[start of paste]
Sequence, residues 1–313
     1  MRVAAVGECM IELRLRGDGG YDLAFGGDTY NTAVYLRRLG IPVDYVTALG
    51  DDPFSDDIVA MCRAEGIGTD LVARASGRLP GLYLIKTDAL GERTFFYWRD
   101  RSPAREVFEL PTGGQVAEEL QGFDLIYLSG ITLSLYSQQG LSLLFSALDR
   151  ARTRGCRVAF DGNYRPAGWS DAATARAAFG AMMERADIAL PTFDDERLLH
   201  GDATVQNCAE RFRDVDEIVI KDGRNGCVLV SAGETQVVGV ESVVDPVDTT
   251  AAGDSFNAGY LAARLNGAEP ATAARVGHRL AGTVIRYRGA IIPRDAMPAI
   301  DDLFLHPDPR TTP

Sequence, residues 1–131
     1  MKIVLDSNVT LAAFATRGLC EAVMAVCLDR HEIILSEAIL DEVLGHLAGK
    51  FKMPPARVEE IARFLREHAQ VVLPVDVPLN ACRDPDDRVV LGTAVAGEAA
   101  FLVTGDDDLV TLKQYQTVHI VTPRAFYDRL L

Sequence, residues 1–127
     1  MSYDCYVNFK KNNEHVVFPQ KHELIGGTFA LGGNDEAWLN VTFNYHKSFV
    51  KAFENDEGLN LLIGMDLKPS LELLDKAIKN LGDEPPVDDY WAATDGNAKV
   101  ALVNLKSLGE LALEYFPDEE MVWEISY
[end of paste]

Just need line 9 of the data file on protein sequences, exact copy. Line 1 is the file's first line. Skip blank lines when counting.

Sequence, residues 1–131